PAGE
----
Mitchell beckoned to Howard Baker, the charge nurse, who broke all decorum by mouthing a heartfelt obscenity right back at him. The consultant sent Baker an impatient look, and then, pointing at the injured, conveyed to him what Baker correctly interpreted as a ‘patients look’, i.e. ‘look at the bloody patients!’

Baker sighed and reluctantly followed the doctor as the latter dropped to his hands and knees and crawled into the room. The pair reached the first man, a fellow physician, and Mitchell gave him a cursory glance. The man was obviously dead, his chest crushed in, and the doctor swallowed hard. He looked at Baker and motioned with his head that they should move to the next victim. Mitchell crawled a little further, and reached slowly towards a groaning man. The doctor pulled at the other man’s legs, then paused as the groans increased in volume. The physician grimaced, swallowed hard and beckoned Baker who grabbed one leg while the doctor took a firm hold on the other. Together they pulled the patient out of the emergency room to reception, where he was immediately taken away to be treated.

“OK,” Mitchell said, “That’s one. Thanks, Howard.” He looked at the others. “All right, who’s going to help me with the next one?”

The floor tiling suddenly became a matter of great interest for the rest of them, except for one enterprising fellow who looked up, as if he’d always wanted to spend time examining the ceiling. The consultant looked at them with contempt. When this was over, he’d have some things to say, he thought, but not now.

Baker stepped forward. “Looks like it’s you and me again, Mister Mitchell.” The consultant smiled resignedly, but gratefully. Baker may have not wanted to do the first journey, but now that he had, he obviously regarded it as his duty to continue. “Thanks,” said the doctor. “The one by the broken stretcher next?”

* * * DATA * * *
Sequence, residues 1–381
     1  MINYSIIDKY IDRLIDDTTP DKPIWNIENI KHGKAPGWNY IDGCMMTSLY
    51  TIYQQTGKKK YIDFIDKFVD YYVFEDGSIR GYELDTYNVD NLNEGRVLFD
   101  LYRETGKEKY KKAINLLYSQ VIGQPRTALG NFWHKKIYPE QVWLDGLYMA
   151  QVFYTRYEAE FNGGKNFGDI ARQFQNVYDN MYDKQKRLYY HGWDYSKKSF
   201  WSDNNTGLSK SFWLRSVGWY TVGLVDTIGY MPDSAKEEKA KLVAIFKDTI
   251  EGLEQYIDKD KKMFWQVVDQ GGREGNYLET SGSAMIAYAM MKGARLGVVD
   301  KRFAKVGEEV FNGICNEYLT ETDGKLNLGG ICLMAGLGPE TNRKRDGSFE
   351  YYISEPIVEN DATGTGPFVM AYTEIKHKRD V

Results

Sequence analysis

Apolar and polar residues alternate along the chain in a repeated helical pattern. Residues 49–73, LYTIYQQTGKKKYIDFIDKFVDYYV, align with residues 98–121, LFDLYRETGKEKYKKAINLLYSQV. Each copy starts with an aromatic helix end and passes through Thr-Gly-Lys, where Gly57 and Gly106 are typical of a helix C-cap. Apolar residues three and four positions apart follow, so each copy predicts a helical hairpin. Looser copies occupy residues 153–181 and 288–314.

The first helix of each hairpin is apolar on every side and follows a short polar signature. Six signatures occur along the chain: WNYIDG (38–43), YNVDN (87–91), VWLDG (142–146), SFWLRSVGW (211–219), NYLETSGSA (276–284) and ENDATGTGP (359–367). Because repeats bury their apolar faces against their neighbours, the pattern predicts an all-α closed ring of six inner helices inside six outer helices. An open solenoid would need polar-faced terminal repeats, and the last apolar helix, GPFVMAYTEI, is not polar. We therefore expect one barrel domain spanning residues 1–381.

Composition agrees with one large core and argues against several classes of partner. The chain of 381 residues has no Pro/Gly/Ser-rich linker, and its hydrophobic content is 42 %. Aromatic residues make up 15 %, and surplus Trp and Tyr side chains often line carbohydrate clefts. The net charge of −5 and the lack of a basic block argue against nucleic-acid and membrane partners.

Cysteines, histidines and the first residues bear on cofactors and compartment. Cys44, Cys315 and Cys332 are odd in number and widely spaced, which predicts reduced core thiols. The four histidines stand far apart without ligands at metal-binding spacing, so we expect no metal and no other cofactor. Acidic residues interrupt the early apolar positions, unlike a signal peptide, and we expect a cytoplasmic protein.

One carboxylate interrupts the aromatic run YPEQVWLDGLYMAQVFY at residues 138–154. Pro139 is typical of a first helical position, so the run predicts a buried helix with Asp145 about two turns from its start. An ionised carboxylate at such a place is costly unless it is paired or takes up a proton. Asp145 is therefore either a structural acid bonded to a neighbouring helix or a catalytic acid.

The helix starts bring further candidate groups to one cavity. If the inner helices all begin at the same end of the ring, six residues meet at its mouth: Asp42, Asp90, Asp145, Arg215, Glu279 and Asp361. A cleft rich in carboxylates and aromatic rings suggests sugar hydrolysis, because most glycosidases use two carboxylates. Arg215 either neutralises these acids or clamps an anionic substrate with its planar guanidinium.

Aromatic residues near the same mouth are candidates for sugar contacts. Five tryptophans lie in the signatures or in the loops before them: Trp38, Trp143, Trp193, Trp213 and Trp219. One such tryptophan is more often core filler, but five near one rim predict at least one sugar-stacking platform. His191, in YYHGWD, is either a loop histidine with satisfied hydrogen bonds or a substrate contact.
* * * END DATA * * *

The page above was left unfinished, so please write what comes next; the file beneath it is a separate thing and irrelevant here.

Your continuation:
Baker nodded and the pair of them entered the room as before, on their hands and knees, trying in vain to ignore the low rumbling noise, and the monster who was responsible for it.

– o –

Davies had intended to stay in that night. He’d flown almost directly from the agency to the address of Williams’ apartment, which he found after a couple of wrong turnings. He was finding flying at night far more confusing than during the day time and had already clipped two lampposts on the way. He might heal fast, he knew, but it still hurt like hell when it happened.

He’d found the flat just as Williams had promised and hadn’t even needed the key: a mental suggestion and the door swung open. He walked in to find a well sized two bedroom apartment, exquisitely decorated. Each room was done differently, but the style of each fitted the dimensions perfectly. Davies spent ten minutes just wandering around the flat, marvelling at the taste. Williams was a constant surprise, he realised, when he saw a small collection of crystal figurines, one of a perfectly beautiful ballerina almost taking his breath away.

Williams had a large DVD and video collection, and he noticed three or four titles that he’d not previously seen, but had always intended to watch sooner or later. He decided that it was much too late now to be described as sooner, but after a wash and a bite to eat, he’d watch the DVDs. This could, after all, be the last night where he’d be undisturbed for some time, he realised, and he wanted to do nothing special, nothing out of the ordinary.

He liked the idea of doing something mundane: watch television, take a bath, have something simple normal to eat.

When he’d checked around the flat, however, he’d realised that unless he took Williams’ earlier suggestion and acted on it, only the first of those would easily be accomplished. He’d opened the refrigerator and just stared at the contents. He should have known. The fridge was almost full, but with macrobiotic foodstuffs, all of which looked less appetising than the packages in which they came.

He pulled out the scrap of paper upon which Williams had scribbled the local details and, memorising the details, he left the flat, closing the door after him. He took the narrow steps leading down to the entrance door just a tad too fast and it was with an sense of alarm that he felt one foot slide on the edge of a step. For a moment, he tottered on the edge of the stair, before losing his balance. As his foot slid away from underneath him, a wave of frustration hit him and he grabbed at the stone railing that ran down the side of the steps. It crumpled and he was suddenly holding a hand full of powder. A split second later, he was hovering above the stairs and he floated down to the ground floor.